- Would there be unintended consequences of requiring climbers
to carry a signaling device?
Park Officials and SAR leaders agree that they can. Examples from
2009-2010 illustrate this (see sidebar). A significant fraction of
climbers use mobile communication devices to call for rescues. In 2005,
23% of SARs in National Parks were initiated by cell or satellite phone,
29% in person, 23% by landline, and 5% by radio. Of 19 SAR missions
reported in Mount Rainier National Park in 2009, four were reported by
mobile phone and five were reported by radio. Three of the nine mountain
rescues in North Cascades National Park in 2009 were reported by cell
phone and one by activation of a SPOT beacon.
In two North Cascades incidents in 2009, parties tried to use a cell
phone in the field but failed to get service. Uninjured members of these
parties had to descend and report the accidents in person at the
Marblemount Ranger Station. These cases illustrate that cell phones
don’t always work when they are needed. Perhaps a different mobile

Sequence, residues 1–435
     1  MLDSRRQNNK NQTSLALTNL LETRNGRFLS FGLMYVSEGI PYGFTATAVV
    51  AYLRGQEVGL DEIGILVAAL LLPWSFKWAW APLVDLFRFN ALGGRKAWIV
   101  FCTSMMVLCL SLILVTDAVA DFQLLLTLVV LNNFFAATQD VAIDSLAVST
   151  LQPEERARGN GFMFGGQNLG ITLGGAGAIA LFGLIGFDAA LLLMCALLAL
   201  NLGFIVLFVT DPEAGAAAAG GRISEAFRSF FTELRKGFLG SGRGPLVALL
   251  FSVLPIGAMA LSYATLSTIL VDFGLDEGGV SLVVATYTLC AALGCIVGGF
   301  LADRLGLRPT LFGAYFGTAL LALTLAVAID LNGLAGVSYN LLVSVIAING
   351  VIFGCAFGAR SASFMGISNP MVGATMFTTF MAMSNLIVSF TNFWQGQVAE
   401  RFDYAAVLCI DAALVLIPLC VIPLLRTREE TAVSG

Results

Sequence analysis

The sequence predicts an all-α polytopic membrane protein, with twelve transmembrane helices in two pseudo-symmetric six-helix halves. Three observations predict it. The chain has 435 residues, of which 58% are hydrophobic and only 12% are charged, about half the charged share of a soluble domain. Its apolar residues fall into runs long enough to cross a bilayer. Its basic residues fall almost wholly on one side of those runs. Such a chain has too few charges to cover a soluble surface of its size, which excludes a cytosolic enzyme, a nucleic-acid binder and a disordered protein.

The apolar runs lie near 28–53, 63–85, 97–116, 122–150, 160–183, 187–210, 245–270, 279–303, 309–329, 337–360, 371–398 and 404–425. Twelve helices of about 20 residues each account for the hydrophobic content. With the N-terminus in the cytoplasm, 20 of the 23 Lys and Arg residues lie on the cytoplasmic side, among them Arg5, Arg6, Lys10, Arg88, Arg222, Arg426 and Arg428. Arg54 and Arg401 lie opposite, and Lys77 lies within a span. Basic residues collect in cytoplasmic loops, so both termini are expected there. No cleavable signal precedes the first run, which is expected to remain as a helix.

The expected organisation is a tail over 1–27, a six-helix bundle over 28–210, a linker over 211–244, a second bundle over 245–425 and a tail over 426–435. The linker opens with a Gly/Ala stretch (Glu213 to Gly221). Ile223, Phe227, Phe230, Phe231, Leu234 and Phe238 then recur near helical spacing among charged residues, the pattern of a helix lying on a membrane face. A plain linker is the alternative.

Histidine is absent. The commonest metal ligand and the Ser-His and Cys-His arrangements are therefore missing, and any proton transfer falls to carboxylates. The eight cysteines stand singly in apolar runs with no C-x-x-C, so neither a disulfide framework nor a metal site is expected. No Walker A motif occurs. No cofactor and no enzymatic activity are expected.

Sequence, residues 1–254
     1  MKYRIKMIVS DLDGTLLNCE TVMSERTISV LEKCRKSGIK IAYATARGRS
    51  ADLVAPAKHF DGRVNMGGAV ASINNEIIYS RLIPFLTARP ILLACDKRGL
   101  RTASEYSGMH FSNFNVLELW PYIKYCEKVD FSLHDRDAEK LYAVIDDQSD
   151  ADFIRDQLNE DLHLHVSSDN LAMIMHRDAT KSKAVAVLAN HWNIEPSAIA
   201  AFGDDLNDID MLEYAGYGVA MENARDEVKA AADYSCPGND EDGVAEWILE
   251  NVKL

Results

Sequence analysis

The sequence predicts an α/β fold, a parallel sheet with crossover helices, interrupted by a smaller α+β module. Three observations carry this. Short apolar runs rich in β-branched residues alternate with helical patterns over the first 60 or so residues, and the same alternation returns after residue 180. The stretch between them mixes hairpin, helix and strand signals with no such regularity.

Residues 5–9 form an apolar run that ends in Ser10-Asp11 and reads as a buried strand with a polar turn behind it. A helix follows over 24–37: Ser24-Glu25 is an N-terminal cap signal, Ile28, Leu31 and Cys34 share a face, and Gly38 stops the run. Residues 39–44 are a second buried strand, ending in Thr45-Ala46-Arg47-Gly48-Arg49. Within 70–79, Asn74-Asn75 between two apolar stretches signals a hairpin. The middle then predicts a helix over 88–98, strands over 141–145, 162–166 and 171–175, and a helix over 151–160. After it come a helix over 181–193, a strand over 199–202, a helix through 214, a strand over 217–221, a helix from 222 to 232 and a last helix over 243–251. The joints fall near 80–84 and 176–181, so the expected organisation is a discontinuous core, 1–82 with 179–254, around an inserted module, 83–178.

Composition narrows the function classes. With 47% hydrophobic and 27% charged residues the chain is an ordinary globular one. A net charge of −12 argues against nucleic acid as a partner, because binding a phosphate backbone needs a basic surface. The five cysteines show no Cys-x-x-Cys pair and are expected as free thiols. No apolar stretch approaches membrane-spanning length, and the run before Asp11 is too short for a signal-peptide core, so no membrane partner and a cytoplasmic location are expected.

communication device would have enabled these climbers to get help
What is the best mobile communication device for mountain climbers?
There is a growing list of devices capable of transmitting a voice or
electronic signal to initiate a mountain rescue operation. No single
device works best in all situations. The most important factor in
choosing a device is whether it will work when needed. Two things must
happen: the device must send a message to its communication network (e.g.
cell tower or satellite), and someone must be available to receive the
message and initiate a rescue. Below is a summary of some of the pros
and cons of these technologies:
Personal Locator Beacons (PLBs)
A high-power beacon used to initiate a rescue and provide a homing
signal to assist searchers.
- Pros: High transmission power (5 Watts) and low operating
frequency (406 and 121 MHz) enable a PLB to effectively transmit a
distress signal and act as a homing beacon. Dispatchers are
available 24/7 to respond to signals and contact regional
authorities to request initiation of an SAR operation. This
technology has been used for emergency signaling in aviation and
boating for many years.
- Cons: No two-way communication. The PLB cannot cancel a
rescue that has been initiated.
- Cost: $250 for the McMurdo FastFind. No contract cost.
A lower-power beacon with a variety of non-emergency functions.
- Pros: Private satellites and dispatchers are available 24/7 to
initiate rescues. Multiple pre-set messages can be sent, including
one to cancel a rescue request. Optional GPS tracking and other
features are available.
- Cons: No two-way communication. Its less powerful signal (0.4
Watts) and higher operating frequency (1600 MHz) make it less likely